City Pushes Public-Arts Initiative | Jackson Free Press | Jackson, MS

City Pushes Public-Arts Initiative

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Seattle commissioned "Tree Bench" by Pratt Park, a public-art project through its percent-for-arts ordinance. The city of Jackson hopes to follow Seattle's lead.

The city of Jackson is seeking community partners to support a public-arts initiative that will provide opportunities for artists and youth to create art installations in the city.

During a March 15 community meeting for FIGMENT, a two-day art event planned for May, City Director of Human and Cultural Services Michael Raff announced the new initiative to community members at the Arts Center of Mississippi. Jackson is basing its initiative on models in cities like Seattle, Wash.

"Four months ago the mayor told us that he wants to see 1 percent of all eligible capital-improvement funds to go to public-arts improvement in Jackson," Raff said.

Raff said the city is still determining the exact dollar amount that would go to public arts received through capital improvement funds. The city typically allocates funds for capital improvements to long-term projects such as building and infrastructure.

The director said the city has met with consultants from Seattle's public-arts program. In 1973, Seattle became one of the first cities in the U.S. to adopt a percent-for-arts ordinance. The ordinance requires that 1 percent of eligible capital-improvement project funds are allocated to commission, purchase and install artworks in public settings such as parks, libraries, community centers and roadways. Seattle now has 350 permanent and 2,600 portable public installations.

Seattle's projects include: 25-foot high artwork panels around the construction fence of city's Civic Square, a public plaza under construction; a geometric sculpture framing the city's skyline; and a skylight sundial in a city library.

Raff said Jackson is seeking artists, community members and business owners to serve on a panel to plan projects. For the first project, the Mayor Harvey Johnson Jr. wants the community to transform 340 traffic boxes at stoplights around the city into works of art,. Raff said the initiative plans to provide compensation to artist for their work in the future.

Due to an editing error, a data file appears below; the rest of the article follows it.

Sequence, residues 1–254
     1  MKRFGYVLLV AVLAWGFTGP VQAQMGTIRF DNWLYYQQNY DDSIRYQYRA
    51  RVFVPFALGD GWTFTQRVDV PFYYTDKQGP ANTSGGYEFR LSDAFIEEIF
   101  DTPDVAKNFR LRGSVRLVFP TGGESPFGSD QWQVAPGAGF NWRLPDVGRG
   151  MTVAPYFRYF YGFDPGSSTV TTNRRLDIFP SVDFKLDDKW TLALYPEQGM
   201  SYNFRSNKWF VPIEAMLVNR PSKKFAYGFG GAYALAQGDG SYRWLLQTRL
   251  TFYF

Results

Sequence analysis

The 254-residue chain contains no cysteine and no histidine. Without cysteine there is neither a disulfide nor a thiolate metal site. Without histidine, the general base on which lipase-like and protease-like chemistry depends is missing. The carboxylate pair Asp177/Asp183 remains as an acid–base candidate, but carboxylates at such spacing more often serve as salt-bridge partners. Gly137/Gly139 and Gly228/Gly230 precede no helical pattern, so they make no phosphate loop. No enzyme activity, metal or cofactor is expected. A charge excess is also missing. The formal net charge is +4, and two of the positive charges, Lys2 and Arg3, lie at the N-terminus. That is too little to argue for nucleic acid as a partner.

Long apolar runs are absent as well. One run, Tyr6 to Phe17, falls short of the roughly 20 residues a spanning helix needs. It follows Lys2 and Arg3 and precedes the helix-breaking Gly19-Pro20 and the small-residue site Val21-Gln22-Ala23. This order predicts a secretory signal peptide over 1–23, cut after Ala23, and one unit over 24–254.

"What we need is artists," Raff told the audience of approximately 30. "I challenge you guys to come up with a plan to paint 340 traffic boxes. ... All of sudden, it's a quick way to say we are moving forward."

Jackson Arts Council Community Outreach Coordinator Kimberly Jacobs said her organization is on board with the plan.

"This is a catalyst for economic development," she said. "(Public art) has been a tool that brings people together and makes a great positive impact on the city."

For more information, call Raff at 601-960-0335.

Previous Comments

ID
162578
Comment

At this meeting, the Jackson Bike Advocates made a commitment to Raff that we would sign up to help make sure all 340 traffic boxes are painted. The JBA will be working with Figment, the Jackson Arts Council, the City of Jackson and others to use this traffic box project as an opportunity to merge public art with bicycle awareness.

Author
judah
Date
2011-03-17T13:25:37-06:00
ID
162580
Comment

So should we contact Raff if we want to help paint the traffic boxes?

Author
Holly Perkins
Date
2011-03-17T13:44:27-06:00
ID
162582
Comment

I think following up with Kimberly Jacobs might be the best avenue. Raff came to us so we could find a way to make it happen; I doubt the city is ready to start organizing since they just announced. Kimberly, the JBA and Figment will follow up with Raff and the city to organize the effort. If you want to put your name on the artist list, I suggest emailing [email protected] and specifically say that you are interested in signing up for a traffic box.

Author
judah
Date
2011-03-17T15:01:39-06:00

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